Attitudes Toward Disability: The Relationship Between Attitudes Toward Disability and Frequency of Interaction with People with Disabilities (PWD) Public Deposited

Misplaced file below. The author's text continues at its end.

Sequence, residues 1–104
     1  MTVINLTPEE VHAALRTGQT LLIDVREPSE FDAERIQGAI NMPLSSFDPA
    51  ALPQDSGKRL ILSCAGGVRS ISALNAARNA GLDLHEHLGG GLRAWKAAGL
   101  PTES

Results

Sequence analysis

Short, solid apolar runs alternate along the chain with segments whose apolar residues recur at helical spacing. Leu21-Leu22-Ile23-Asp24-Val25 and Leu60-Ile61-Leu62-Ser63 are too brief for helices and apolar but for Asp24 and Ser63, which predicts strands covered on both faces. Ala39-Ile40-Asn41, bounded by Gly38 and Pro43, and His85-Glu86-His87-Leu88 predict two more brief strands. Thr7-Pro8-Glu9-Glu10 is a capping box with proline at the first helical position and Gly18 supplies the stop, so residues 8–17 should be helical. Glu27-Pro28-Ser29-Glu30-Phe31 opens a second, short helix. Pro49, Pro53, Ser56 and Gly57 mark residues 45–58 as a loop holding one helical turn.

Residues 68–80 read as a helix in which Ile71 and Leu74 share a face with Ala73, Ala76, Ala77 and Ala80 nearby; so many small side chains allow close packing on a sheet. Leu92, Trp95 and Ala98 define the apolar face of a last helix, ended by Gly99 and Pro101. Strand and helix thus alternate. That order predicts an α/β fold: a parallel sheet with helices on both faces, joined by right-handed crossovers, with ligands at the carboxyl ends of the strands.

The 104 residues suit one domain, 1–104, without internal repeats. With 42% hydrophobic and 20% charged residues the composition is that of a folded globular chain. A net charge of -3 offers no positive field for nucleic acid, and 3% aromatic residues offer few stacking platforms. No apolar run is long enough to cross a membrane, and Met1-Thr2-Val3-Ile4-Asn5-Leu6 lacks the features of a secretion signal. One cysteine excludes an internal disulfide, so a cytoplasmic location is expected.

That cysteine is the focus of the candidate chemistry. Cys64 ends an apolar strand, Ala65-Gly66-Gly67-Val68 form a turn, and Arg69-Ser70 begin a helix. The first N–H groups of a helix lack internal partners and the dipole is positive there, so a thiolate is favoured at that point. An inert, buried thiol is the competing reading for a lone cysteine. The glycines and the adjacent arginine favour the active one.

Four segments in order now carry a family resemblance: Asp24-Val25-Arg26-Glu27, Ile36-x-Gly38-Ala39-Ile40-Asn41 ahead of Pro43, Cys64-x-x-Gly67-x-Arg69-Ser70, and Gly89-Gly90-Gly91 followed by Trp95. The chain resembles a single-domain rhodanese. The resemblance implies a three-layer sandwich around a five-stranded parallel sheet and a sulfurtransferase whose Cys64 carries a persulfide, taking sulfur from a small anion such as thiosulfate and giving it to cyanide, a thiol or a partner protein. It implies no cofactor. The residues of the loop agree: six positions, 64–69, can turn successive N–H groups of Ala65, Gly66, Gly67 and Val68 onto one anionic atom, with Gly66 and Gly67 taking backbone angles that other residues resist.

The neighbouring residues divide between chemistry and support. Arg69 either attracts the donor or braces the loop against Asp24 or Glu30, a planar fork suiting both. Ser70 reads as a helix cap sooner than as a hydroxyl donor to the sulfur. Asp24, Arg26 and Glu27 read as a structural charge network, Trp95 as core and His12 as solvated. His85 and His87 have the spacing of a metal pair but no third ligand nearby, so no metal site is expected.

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  • The social and medical models of disability are sets of underlying assumptions explaining people's beliefs about the causes and implications of disability. The medical model is the predominant model in the United States that is associated with the belief that disability is an undesirable status that needs to be cured (Darling & Heckert, 2010). This model focuses on the diagnosis, treatment and curative efforts related to disability. The social model is preferred by disability activists and researchers which focuses on society’s involvement in disability, such as stigmatization, discrimination and the interpersonal barriers that are features of one’s disability. The social model suggests that society disables individuals and is the cause of impairment (Olkin, 2003). Allport’s contact hypothesis states that increased contact with people with disabilities (PWD) will reduce prejudice through relationship building and social connection (Allport, 1954). Pettigrew’s Intergroup Contact Theory, similar to Allport’s contact hypothesis, argues that essential conditions must be met in order to reduce feelings of prejudice. These conditions are: learning about the outgroup, changing behavior, generating affective ties, and ingroup reappraisal (Pettigrew, 1998). Based on these theories, increased interaction with PWD should result in more favorable attitudes about PWD. We further propose that contact may serve to alter disability model orientation, which in turn may affect attitudes. This is the first large-scale study that examines how disability models influence the relationship between contact and attitudes toward PWD. It was hypothesized that participants with more frequent interactions with PWD would have more favorable attitudes towards disability. This would be mediated by models of disability. Participants of the study were undergraduate students enrolled in a required university course, with a majority of them being in their first year. The survey consisted of the Attitudes Toward Disabled Persons scale, a single item assessing frequency of contact with PWD, and the Darling (2013) social and medical model scales, and was distributed to a total of 1,506 students. Supporting our hypothesis, the medical and social models partially mediated the relationship between contact and attitudes towards disability. Medical model compared to social model was more strongly associated with contact and attitudes. This suggests that contact with PWD can help decrease medical model beliefs in general, but is less effective at promoting social model beliefs. Implications of this study might suggest that more frequent contact with PWD on college campuses could be possible by hiring more educators who disclose their disability or accommodate to more people with disabilities as students. As for future directions of this study, an expansion beyond college students could provide insight into different demographics and their attitudes toward disability, and could also reveal the potential influence of cohort effects. Future studies may also want to further assess to what degree attitudes and perceptions about PWD change when certain conditions are met, such as those mentioned in Pettigrew’s Intergroup Contact Theory.
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